Knowledge of local communities

Environmental resource users/managers

Experience mitigating hazards

High levels of risk awareness

Traditionally female occupational skills

Extensive work and professional contacts

Technical skills

Limited responsibility for children

Traditionally male occupational skills

Gendered Life Experiences Which Help Women and Men Cope with Disaster

Women

Men


Social trends which increase women s vulnerability

Social Trends Which Increase Women’s Vulnerability

  • Increasing longevity

  • Increasing health problems as women live longer

  • Increasing rate of sole-occupancy

  • Increasing proportions of single-parent families

  • Increasing institutionalization

  • Increasing cut-backs in public assistance

  • Increasing dependence on paid caregivers


Highly vulnerable groups which are disproportionately female

Highly Vulnerable Groups Which are Disproportionately Female

  • Battered women housed in shelters

  • Poor families

  • Lower-income disabled

  • Low-income elderly living alone

  • Single parents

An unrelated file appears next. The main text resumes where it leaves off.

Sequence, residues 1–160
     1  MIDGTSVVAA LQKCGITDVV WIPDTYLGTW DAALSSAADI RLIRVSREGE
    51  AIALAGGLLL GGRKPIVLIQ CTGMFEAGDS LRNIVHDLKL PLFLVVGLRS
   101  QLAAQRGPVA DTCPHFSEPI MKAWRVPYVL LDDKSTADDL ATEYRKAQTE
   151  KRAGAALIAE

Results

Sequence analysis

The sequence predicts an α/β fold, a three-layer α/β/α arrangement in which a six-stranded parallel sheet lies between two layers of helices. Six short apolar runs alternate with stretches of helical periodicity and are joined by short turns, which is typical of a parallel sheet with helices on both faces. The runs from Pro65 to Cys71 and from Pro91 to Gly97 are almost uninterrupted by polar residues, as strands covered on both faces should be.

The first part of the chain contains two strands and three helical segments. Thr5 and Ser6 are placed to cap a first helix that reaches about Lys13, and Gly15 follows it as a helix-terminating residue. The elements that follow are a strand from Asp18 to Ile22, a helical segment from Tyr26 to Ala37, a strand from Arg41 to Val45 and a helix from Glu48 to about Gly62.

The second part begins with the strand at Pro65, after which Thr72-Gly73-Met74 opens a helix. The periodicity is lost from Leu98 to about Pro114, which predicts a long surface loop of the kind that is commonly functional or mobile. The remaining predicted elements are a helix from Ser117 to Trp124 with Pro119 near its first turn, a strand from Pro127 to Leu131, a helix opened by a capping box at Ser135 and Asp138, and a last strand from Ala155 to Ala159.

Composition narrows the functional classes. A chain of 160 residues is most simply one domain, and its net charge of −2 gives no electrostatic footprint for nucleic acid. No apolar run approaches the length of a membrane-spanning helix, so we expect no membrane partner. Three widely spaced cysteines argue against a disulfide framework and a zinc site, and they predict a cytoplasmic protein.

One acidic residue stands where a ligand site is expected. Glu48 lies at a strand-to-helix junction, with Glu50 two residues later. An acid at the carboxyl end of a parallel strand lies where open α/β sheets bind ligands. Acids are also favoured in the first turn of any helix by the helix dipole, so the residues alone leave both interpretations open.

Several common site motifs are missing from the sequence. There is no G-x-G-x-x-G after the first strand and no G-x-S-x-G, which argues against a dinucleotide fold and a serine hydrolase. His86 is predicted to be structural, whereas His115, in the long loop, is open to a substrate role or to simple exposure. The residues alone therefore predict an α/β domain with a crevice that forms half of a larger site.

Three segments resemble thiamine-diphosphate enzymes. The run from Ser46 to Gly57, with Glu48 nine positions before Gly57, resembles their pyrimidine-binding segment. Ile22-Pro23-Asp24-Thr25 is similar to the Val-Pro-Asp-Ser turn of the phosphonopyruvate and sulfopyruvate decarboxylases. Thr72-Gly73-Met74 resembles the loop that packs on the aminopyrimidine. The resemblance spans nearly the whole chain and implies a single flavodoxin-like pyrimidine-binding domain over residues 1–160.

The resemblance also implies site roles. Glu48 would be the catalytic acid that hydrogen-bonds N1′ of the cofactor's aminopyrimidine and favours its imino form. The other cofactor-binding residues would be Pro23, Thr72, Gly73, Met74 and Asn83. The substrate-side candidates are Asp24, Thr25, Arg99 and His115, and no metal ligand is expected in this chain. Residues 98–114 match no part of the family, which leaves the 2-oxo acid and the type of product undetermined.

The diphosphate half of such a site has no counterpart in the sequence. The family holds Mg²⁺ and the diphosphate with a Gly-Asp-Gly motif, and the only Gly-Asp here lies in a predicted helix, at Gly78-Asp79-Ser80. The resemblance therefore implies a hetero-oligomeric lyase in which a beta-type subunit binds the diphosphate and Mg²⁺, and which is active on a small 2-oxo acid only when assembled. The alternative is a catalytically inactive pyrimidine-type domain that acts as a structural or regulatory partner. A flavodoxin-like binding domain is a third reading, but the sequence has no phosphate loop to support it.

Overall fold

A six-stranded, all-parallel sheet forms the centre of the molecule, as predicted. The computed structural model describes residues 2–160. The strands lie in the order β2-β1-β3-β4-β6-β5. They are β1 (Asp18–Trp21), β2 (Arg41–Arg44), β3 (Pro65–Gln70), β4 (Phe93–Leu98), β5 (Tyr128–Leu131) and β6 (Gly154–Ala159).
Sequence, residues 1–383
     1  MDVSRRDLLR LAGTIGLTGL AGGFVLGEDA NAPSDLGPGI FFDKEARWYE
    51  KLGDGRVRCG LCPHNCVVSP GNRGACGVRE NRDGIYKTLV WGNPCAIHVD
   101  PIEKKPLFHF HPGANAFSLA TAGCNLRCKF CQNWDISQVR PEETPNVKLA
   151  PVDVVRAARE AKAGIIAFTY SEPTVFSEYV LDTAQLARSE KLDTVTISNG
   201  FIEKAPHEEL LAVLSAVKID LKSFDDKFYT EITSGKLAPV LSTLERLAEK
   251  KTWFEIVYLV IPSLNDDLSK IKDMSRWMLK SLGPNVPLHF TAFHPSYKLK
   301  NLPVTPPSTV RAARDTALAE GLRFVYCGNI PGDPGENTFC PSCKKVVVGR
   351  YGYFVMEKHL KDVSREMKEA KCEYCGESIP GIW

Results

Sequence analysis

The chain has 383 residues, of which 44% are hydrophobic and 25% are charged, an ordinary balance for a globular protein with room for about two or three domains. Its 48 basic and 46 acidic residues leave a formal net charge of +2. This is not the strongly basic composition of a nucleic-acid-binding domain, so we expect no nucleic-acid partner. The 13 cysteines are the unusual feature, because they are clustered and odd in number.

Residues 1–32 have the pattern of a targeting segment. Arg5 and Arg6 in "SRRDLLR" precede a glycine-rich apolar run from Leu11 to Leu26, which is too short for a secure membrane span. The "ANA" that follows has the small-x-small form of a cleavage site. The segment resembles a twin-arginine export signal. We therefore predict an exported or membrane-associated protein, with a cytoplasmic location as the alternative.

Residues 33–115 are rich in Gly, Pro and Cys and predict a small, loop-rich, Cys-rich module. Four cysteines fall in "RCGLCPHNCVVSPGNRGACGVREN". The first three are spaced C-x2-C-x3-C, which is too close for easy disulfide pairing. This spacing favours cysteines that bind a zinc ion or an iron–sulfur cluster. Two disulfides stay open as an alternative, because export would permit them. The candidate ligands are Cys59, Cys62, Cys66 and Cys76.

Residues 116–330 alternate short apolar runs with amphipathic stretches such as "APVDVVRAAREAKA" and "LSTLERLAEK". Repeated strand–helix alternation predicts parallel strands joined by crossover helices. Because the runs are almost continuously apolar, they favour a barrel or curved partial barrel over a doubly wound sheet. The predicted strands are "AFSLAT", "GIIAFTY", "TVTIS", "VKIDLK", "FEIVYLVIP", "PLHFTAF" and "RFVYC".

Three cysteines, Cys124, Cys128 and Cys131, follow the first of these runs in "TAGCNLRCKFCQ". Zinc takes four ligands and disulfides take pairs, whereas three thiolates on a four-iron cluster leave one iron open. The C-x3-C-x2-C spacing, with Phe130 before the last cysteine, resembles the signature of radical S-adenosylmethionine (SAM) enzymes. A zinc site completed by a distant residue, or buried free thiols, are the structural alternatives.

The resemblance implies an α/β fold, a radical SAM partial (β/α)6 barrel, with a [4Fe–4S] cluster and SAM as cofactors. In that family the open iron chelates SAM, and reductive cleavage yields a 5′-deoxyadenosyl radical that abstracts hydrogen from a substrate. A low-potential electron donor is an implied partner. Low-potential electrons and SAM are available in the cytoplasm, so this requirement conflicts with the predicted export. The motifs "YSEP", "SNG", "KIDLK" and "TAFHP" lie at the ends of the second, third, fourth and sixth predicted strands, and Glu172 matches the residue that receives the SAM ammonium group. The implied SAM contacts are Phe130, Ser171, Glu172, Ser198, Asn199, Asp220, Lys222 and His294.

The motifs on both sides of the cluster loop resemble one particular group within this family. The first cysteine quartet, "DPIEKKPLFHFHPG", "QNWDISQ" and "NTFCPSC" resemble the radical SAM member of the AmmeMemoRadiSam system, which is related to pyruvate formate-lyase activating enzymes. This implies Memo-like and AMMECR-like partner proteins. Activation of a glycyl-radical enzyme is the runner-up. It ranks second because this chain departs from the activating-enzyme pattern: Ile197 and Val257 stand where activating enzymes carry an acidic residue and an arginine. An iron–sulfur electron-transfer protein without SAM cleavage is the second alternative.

• People housed in insecure housing


Women in emergency management organizations are easily marginalized

Women in Emergency Management Organizations are Easily Marginalized

  • Women often work as gender tokens in male-dominated agencies

  • Women tend to express ideas more tentatively and work more cooperatively

  • Women are concentrated in lower-status professions

  • Women work in staff rather than line positions

  • Women have restricted task and job assignments

  • Women exercise power and influence informally rather than through official job status

  • Women are less able than men to realize ambitions

  • Women are perceived as less aggressive

  • Women often lack effective mentors

  • Women have fewer opportunities for training

  • Women do not enter the field from military backgrounds


Unique contributions of women to emergency management

Unique Contributions of Women to Emergency Management

  • First-hand knowledge of gender differences and inequalities in everyday life

  • Knowledge of how race, class, gender, and age interact to increase vulnerability

  • Knowledge of personal and organizational strength of women and women’s groups

  • Professional background compatible with social vulnerability approach